Image: Solar dehydrator built from left over bits and pieces from our house construction.
The summer solstice is past and summer’s finally here. The weather has become typically hot and dry, with no rain in sight for weeks. It’s time to start harvesting the garden before everything dries up and dies. As part of that process, we decided to build a solar dehydrator.
There are some beautiful designs for solar dehydrator’s available on the web, but in the end, we decided to build one that fit our pocket book, e.g., free. That means that we designed our dehydrator to make use of left over materials that we had around the cabin.
Essentially, a solar dehydrator is just a square box filled with drying racks attached to a solar collector. The solar collector needs, at a minimum, a clear panel for sunlight to pass through, and a black surface that can be warmed. The whole dehydrator is vented so that cold air is drawn in through the bottom of the solar collector, warmed in the collector, thus causing it to rise, and then passed through the drying racks and out a vent hole in the top of the box. Pretty simple. The size of the unit can be quite variable, although the longer the solar collector the better. We placed our solar collector at 45°, which is a compromise between our spring and summer solar angles for our latitude. The solar collector can be filled with mesh or black painted pop cans for increased solar absorption – we haven’t done this yet, and are still experimenting.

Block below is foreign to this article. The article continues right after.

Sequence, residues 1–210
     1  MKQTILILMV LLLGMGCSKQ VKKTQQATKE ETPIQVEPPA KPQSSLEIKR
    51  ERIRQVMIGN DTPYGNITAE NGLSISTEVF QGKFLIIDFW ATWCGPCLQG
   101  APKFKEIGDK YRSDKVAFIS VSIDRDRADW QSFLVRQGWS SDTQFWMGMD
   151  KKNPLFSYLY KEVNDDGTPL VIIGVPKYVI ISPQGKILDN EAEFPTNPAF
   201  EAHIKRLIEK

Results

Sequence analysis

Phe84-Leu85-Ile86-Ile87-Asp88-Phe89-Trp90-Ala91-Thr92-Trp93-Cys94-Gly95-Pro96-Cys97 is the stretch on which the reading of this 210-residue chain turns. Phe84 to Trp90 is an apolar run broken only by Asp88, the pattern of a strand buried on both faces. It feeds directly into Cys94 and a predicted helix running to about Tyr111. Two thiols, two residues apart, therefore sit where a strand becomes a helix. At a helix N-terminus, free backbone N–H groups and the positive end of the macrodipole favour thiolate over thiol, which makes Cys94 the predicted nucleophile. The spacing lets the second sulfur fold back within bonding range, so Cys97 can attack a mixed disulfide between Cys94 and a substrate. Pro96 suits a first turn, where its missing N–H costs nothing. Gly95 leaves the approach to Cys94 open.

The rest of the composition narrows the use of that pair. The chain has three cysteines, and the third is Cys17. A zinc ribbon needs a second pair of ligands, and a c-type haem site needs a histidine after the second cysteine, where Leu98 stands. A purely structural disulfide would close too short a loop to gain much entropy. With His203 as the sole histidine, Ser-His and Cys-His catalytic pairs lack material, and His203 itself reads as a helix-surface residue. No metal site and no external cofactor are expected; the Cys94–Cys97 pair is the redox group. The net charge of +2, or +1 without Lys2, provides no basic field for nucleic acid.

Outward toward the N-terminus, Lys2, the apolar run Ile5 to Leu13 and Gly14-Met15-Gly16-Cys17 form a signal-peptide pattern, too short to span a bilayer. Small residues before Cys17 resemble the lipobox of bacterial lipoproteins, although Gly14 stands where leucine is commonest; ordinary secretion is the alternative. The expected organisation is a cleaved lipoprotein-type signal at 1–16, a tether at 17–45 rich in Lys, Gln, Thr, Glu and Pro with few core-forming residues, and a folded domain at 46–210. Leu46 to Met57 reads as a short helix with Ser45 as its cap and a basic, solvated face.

Image: Side view of our solar collector.
Our strawberries are bearing faster than we can eat them, and have become a good test for the solar dehydrator. I’ve sliced the strawberries into thin slices, and laid them out on the dehydrator racks.
Image: Solar collector showing racks with strawberries.
Image: Nearly dried strawberries.
The smell that is coming from the top vent of the dehydrator is absolutely gastronomic. I’ve put quite a load of strawberries in, and although it has taken a couple of days, it seems that they will dry quite nicely. Solar drying is not as fast as using a dryer with an electrical heater unit, but it doesn’t take any power, and isn’t draining our batteries (which we are happily using to run a small cooler to keep our perishables from perishing).